My 2-year-old son pointed out to me today that we still have a pumpkin on our porch. Good thing he's around, I can be so lazy. Thanksgiving is over so Halloween is ancient history. Out with the pumpkin!
Of course, the Bills' last victory was longer ago than even that -- October 30 to be exact. I read yesterday how the Bills rank last in the NFL in sacks (17), which isn't amazing at all except for the fact that they had 10 sacks in one game! I wonder if peameal bacon falls within the boundaries of the NFL's substance-abuse program.
The sack stack isn't the only stat I like from the Washington game. London Fletcher, the Redskins middle linebacker and former Bill, had 19 tackles that day (plus an interception). Did you know that 19 tackles is one more than the Bills got this season from Kyle Williams and Shawne Merriman combined (nine each)?
Injuries surely played a role in the demise of the Bills' pass rush, although it's not like smart money was ever spent betting on the brittle Merriman to become the next Jim Marshall.
Aaron Maybin was headed toward footnote-status in this story except for the strange thing that happened on his way to the agate page. Maybin found his career. His six sacks for the Jets are more than a third of the Bills' team total and are the most of any player on the team directly ahead of the Bills in the standings.
The draft pick of Maybin in 2009, 11th overall, has already been penned as one of the worst picks in Bills history. But imagine if Maybin, still only 23, puts up 7-8 sacks for another decade or so. Why couldn't he? If he retires with 70 sacks he's not exactly a bust.
In that instance the Bills will be remembered for giving up on him so soon, not drafting him.
Who's to blame? No doubt the Bills had their reasons for cutting him. In limited opportunity, Maybin did next to nothing to arouse any enthusiasm about his becoming a sack artist.
The problem for me is that the opportunity was so limited.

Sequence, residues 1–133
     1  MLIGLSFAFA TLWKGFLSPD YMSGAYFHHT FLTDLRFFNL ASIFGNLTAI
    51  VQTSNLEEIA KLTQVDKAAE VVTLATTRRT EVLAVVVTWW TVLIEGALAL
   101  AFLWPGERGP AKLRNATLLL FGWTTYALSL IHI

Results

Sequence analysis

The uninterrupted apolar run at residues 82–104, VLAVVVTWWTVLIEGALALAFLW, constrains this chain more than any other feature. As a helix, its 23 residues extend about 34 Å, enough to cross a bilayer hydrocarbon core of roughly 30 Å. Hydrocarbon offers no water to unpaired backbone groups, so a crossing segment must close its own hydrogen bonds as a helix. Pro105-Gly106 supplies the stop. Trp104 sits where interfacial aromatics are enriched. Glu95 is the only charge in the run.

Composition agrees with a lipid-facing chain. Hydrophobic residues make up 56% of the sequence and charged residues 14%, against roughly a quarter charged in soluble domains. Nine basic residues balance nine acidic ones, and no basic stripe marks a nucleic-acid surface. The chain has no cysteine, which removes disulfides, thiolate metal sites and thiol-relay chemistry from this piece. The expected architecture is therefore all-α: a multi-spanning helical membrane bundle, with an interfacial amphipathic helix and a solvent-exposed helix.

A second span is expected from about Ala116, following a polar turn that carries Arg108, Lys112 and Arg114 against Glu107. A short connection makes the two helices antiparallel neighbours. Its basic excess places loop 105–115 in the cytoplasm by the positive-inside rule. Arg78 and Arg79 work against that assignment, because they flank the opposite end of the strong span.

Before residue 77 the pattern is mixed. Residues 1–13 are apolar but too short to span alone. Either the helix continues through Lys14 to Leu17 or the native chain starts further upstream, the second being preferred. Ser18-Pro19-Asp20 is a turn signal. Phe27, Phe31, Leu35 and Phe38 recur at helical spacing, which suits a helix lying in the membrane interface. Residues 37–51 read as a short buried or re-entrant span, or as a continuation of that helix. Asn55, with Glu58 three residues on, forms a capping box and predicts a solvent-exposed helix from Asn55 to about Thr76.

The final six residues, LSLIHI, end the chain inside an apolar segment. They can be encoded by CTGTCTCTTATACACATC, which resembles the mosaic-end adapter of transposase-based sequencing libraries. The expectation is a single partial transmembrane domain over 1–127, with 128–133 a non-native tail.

Cue the chorus. In a dozen worthless years of mediocrity or worse, the Bills have not only won nothing - they've made no particular creative effort to level the playing field with the superior teams. It's almost like the Bills don't realize their inferiority.
For sure the Bills were unimpressed with Maybin's results, but his athletic talent is obvious to anyone. Make it work! Move him around in different formations. Build a scheme that suits him, or at least gives him a chance to succeed. Heck, throw him the ball and see what happens. What had they to lose?
The Bills have made so many stupid moves over the years that my mind is all jumbled of them. I don't so much blame them for signing Terrell Owens, but I do blame them for trotting him out there every week when the season had long been lost. Re-signing Gibran Hamdan whenever a quarterback got hurt? They'd seen him plenty and had to be certain that he wasn't NFL-caliber, so why not just try someone new? And there are dozens more of these.
But if Maybin has a big career, he'll be in a category all his own.
I accept that there is luck in the draft, and that predicting which college players will become good or great pros can be difficult. To a point, I sympathize with the Bills for their poor draft record.
But what can't happen is what happened with Maybin. You simply cannot draft a player 11th overall, severely limit his opportunities to impress and learn and grow, then cut him two years in and let a division rival take a freebie. The Bills have long been much more suited to letting young players play and learn; they've been terrible for what seems like forever. Yet the Jets, as championship-minded as they come, have made room for him.
Maybin was here, and with the right situation ready to become the Bills' best pass rusher since Bruce Smith. Yet it was the Bills themselves, never struggling to top their own incompetence, who let him skip to New York.
So here we are again. No young stud in sight to harass quarterbacks. The idea remains elusive.